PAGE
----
Background & aims: Sporadic colorectal cancers with a high degree of microsatellite instability are a clinically distinct subgroup with a high incidence of BRAF mutation and are widely considered to develop from serrated polyps. Previous studies of serrated polyps have been highly selected and largely retrospective. This prospective study examined the prevalence of sessile serrated adenomas and determined the incidence of BRAF and K-ras mutations in different types of polyps.
Methods: An unselected consecutive series of 190 patients underwent magnifying chromoendoscopy. Polyp location, size, and histologic classification were recorded. All polyps were screened for BRAF V600E and K-ras codon 12 and 13 mutations.
Results: Polyps were detected in 72% of patients. Most (60%) were adenomas (tubular adenomas, tubulovillous adenomas), followed by hyperplastic polyps (29%), sessile serrated adenomas (SSAs; 9%), traditional serrated adenomas (0.7%), and mixed polyps (1.7%). Adenomas were more prevalent in the proximal colon (73%), as were SSAs (75%), which tended to be large (64% >5 mm). The presence of at least one SSA was associated with increased polyp burden (5.0 vs 2.5; P < .0001) and female sex (P < .05). BRAF mutation was rare in adenomas (1/248 [0.4%]) but common in SSAs (78%), traditional serrated adenomas (66%), mixed polyps (57%), and microvesicular hyperplastic polyps (70%). K-ras mutations were significantly associated with goblet cell hyperplastic polyps and tubulovillous adenomas (P < .001).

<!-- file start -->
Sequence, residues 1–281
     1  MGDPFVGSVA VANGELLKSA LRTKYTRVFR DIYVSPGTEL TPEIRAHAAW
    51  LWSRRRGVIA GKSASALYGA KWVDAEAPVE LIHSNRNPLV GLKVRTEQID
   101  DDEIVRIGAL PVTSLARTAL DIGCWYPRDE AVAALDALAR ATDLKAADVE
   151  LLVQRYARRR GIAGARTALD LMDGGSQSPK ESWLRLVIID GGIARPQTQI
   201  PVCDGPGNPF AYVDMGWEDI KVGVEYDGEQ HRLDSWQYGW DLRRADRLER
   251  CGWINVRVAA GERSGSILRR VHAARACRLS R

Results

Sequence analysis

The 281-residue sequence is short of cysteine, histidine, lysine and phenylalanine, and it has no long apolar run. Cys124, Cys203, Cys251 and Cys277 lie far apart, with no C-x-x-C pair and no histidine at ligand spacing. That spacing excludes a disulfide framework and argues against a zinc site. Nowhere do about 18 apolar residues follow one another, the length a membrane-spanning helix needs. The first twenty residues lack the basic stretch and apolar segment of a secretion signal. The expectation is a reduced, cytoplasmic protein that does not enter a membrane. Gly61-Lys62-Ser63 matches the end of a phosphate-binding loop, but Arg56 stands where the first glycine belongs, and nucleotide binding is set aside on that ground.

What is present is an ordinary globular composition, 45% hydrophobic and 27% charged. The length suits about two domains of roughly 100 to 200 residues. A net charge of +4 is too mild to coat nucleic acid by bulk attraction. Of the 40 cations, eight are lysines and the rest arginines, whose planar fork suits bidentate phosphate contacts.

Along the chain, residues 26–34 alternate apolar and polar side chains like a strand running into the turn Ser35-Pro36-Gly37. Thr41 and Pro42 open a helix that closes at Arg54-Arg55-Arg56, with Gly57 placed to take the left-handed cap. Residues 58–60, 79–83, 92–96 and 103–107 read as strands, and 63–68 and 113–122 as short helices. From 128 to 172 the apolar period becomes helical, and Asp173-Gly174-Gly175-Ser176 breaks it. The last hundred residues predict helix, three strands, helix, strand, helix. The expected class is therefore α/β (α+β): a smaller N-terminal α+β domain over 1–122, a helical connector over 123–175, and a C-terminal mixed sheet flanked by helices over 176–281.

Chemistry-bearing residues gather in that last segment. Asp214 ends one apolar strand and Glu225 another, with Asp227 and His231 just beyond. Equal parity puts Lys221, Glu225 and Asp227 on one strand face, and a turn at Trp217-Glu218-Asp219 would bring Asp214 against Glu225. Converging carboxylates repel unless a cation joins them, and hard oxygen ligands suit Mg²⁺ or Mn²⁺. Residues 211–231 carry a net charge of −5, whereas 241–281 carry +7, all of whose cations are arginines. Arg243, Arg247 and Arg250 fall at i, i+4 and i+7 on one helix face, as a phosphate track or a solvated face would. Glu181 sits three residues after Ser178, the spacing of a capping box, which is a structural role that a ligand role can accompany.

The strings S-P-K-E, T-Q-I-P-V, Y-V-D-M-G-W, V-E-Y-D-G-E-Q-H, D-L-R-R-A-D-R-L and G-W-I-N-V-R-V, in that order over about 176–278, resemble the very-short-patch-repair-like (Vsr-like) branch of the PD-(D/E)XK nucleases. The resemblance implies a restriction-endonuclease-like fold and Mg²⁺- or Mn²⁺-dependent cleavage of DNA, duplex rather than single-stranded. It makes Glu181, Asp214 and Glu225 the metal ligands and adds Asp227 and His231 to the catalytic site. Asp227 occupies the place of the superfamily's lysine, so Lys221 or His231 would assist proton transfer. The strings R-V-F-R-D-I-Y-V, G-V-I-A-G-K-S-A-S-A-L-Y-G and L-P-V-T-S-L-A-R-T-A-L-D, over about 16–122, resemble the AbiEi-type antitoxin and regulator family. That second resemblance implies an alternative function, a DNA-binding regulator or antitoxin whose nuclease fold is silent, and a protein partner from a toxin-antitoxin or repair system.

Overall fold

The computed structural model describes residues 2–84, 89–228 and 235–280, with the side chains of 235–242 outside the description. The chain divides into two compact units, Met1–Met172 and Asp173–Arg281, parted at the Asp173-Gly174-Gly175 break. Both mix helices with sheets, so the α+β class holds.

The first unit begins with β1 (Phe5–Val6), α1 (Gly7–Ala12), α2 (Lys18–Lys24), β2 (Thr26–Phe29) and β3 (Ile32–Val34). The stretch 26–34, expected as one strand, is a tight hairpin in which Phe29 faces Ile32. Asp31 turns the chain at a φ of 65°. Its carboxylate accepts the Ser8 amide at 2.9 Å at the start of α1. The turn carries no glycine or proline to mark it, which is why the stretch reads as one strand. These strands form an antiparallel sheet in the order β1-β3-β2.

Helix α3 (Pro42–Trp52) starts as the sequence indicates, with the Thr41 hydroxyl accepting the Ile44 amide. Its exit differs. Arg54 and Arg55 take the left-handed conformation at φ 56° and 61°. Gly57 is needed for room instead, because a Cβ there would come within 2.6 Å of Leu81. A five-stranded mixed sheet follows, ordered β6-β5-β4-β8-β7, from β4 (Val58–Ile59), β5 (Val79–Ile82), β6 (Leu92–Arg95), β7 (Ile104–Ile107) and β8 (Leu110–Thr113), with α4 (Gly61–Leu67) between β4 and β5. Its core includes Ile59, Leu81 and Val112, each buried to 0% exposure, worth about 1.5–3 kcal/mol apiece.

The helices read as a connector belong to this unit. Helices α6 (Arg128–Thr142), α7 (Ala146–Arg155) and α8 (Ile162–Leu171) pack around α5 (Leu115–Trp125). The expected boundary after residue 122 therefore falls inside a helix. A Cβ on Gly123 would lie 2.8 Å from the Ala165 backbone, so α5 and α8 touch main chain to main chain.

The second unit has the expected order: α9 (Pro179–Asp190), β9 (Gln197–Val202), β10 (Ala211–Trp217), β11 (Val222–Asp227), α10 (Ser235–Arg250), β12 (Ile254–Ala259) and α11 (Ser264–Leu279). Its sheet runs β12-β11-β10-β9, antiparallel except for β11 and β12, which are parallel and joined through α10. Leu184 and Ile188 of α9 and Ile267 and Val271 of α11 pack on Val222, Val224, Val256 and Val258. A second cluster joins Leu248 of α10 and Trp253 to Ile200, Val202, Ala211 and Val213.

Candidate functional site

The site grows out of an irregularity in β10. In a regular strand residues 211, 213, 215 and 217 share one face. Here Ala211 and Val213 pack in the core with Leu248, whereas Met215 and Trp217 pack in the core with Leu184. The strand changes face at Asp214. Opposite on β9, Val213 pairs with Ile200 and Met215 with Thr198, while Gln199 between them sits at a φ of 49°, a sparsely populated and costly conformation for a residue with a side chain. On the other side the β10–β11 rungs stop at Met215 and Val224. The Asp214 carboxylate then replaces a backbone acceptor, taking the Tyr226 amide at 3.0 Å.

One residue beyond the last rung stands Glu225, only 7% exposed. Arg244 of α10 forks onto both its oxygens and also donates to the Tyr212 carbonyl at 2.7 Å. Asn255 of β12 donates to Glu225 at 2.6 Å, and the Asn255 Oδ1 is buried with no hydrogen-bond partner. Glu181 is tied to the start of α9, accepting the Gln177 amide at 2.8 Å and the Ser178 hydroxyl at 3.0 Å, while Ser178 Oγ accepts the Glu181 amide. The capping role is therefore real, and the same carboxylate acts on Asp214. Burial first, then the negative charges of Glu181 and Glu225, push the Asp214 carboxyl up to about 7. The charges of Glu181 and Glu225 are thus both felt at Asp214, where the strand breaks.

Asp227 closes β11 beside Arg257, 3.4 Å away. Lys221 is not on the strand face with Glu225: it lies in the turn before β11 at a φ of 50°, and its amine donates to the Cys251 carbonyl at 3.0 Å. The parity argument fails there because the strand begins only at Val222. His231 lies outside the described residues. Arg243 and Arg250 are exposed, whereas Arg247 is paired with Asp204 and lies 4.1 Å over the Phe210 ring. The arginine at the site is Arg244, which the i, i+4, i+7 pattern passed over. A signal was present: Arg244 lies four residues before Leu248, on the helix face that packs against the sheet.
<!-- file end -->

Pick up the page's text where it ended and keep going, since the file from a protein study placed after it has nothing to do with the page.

Conclusions: The prevalence of SSAs is approximately 9% in patients undergoing colonoscopy. They are associated with BRAF mutation, proximal location, female sex, and presence of multiple polyps. These findings emphasize the importance of identifying and removing these lesions for endoscopic prevention of colorectal cancer.